Federal Communications Commission member Michael O’Rielly yesterday argued that “Internet access is not a necessity or human right” and called this one of the most important “principles for regulators to consider as it relates to the Internet and our broadband economy.”

O’Rielly, one of two Republicans on the Democratic-majority commission, outlined his views in a speech before the Internet Innovation Alliance, a coalition of businesses and nonprofits (see transcript).

O’Rielly described five “governing principles” that regulators should rely on, including his argument that Internet access should not be considered a necessity. Here’s what he said:

It is important to note that Internet access is not a necessity in the day-to-day lives of Americans and doesn’t even come close to the threshold to be considered a basic human right. I am not in any way trying to diminish the significance of the Internet in our daily lives. I recognized earlier how important it may be for individuals and society as a whole. But, people do a disservice by overstating its relevancy or stature in people’s lives. People can and do live without Internet access, and many lead very successful lives. Instead, the term “necessity” should be reserved to those items that humans cannot live without, such as food, shelter, and water.

michael-orielly-640x361

It is even more ludicrous to compare Internet access to a basic human right. In fact, it is quite demeaning to do so in my opinion. Human rights are standards of behavior that are inherent in every human being. They are the core principles underpinning human interaction in society. These include liberty, due process or justice, and freedom of religious beliefs. I find little sympathy with efforts to try to equate Internet access with these higher, fundamental concepts. From a regulator’s perspective, it is important to recognize the difference between a necessity or a human right and goods such as access to the Internet. Avoiding the use of such rhetorical traps is wise.

O’Rielly’s other governing principles are that “the Internet cannot be stopped,” that we should “understand how the Internet economy works” and “follow the law; don’t make it up,” and that “the benefits of regulation must outweigh the burdens.” O’Rielly was nominated to the commission by President Barack Obama and confirmed by the Senate; the president nominates both Democratic and Republican commissioners, ensuring that the ruling party maintains a 3-2 advantage.

While O’Rielly is certainly correct that one can live without Internet access but not food or water, the FCC is essentially required by Congress to act on the presumption that all Americans should have Internet access. The Telecommunications Act of 1996 requires the FCC to “encourage the deployment on a reasonable and timely basis of advanced telecommunications capability to all Americans” by implementing “price cap regulation, regulatory forbearance, measures that promote competition in the local telecommunications market, or other regulating methods that remove barriers to infrastructure investment.”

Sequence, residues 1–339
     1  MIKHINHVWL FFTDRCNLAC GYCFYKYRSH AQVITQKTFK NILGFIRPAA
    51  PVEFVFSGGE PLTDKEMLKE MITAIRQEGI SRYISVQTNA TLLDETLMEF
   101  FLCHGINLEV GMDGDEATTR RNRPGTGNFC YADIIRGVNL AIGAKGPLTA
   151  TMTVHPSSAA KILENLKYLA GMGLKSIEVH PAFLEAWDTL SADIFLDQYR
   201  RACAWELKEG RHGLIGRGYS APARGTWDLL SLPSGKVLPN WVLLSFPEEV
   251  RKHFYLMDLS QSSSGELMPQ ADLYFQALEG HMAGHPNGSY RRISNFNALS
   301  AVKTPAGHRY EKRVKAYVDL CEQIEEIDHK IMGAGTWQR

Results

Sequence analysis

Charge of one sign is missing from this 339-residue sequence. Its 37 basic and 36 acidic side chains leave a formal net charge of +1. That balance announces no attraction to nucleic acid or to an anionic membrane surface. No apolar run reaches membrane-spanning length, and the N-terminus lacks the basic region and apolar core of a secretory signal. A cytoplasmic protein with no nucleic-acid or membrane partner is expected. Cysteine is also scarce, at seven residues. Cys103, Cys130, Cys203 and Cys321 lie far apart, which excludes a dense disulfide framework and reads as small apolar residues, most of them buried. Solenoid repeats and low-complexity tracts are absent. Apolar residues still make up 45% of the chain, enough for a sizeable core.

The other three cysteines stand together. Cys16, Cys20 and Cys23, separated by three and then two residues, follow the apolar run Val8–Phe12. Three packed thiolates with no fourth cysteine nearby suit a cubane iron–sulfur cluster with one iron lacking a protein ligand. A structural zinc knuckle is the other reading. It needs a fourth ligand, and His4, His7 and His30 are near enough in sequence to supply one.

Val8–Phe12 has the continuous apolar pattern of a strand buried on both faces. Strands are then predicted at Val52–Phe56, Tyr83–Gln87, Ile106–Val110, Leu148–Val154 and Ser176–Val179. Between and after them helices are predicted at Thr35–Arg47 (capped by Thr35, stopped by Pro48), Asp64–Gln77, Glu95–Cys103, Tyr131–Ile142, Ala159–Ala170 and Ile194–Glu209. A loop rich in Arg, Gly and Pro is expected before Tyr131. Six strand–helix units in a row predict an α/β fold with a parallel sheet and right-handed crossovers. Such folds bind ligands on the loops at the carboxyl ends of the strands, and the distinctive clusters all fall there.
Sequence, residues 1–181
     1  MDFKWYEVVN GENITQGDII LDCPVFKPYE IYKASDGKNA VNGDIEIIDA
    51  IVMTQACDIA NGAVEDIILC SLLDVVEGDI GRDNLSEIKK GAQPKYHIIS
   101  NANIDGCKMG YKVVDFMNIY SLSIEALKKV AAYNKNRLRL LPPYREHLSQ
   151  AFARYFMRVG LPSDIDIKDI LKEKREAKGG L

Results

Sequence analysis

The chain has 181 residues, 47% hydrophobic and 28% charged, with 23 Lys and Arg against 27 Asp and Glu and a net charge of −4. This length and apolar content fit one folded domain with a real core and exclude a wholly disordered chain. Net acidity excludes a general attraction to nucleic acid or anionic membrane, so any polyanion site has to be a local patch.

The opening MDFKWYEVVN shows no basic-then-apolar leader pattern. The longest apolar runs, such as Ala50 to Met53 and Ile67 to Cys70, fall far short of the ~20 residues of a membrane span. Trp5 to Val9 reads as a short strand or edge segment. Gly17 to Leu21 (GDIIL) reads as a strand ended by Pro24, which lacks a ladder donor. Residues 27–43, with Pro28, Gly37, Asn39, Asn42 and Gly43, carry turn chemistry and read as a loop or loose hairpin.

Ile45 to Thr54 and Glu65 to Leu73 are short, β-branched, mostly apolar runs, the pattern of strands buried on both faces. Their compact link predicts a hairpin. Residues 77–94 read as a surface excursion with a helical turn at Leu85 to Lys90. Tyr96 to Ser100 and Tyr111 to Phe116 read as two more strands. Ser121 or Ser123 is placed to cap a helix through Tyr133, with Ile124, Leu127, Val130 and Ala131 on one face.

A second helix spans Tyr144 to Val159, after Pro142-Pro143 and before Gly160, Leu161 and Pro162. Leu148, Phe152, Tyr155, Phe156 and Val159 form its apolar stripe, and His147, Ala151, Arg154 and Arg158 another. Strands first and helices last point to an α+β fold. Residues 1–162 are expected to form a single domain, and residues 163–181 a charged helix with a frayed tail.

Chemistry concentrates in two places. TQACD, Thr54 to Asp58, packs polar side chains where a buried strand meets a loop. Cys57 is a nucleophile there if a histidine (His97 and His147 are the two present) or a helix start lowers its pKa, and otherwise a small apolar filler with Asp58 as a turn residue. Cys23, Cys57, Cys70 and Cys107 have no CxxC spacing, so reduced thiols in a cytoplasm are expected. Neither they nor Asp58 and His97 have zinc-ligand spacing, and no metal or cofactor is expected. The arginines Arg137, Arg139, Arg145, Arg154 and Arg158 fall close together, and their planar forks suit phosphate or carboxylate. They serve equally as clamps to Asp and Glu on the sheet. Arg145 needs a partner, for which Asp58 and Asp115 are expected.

The FCC is required to determine on a regular basis whether broadband is being extended to all Americans “in a reasonable and timely fashion” and must “take immediate action to accelerate deployment” if it finds this isn’t happening. The last time the FCC did this was in January of this year; O’Rielly voted against the FCC’s conclusion that broadband isn’t being deployed quickly enough and that the definition of broadband should be changed to support higher-bandwidth applications.

O’Rielly and Wheeler have disagreed on several other votes affecting broadband availability and the terms under which it’s offered. O’Rielly cast unsuccessful, dissenting votes against Wheeler’s plan toreclassify Internet providers as common carriers and impose net neutrality rules, against Wheeler’s plan to overturn state laws that protect Internet providers from municipal competition, and against Wheeler’s plan to use the LifeLine phone service subsidy program to subsidize broadband for poor people.

FCC Chairman Tom Wheeler said in a speech today that “broadband should be available to everyone everywhere.”

The FCC was created in 1934 with the mandate to ensure universal access to telephone service at reasonable prices. Today there is a “Universal Service Fund” to subsidize access to Internet and other communications services but no strict requirement that everyone in the US be offered broadband. Availability varies widely throughout the country, with many rural customers lackingfast, reliable Internet service.

World Wide Web inventor Tim Berners-Lee says that Web access should be considered a human right.

“Access to the Web is now a human right,” Berners-Leesaid in a 2011 speech. “It’s possible to live without the Web. It’s not possible to live without water. But if you’ve got water, then the difference between somebody who is connected to the Web and is part of the information society, and someone who (is not) is growing bigger and bigger.”

United Nations report in 2011 said disconnecting people from the Internet is a human rights violation. Vint Cerf, who co-created the networking technology that made the Internet possible,wrotethat Internet access is not a human right, arguing that “technology is an enabler of rights, not a right itself… at one time if you didn’t have a horse it was hard to make a living. But the important right in that case was the right to make a living, not the right to a horse. Today, if I were granted a right to have a horse, I’m not sure where I would put it.”

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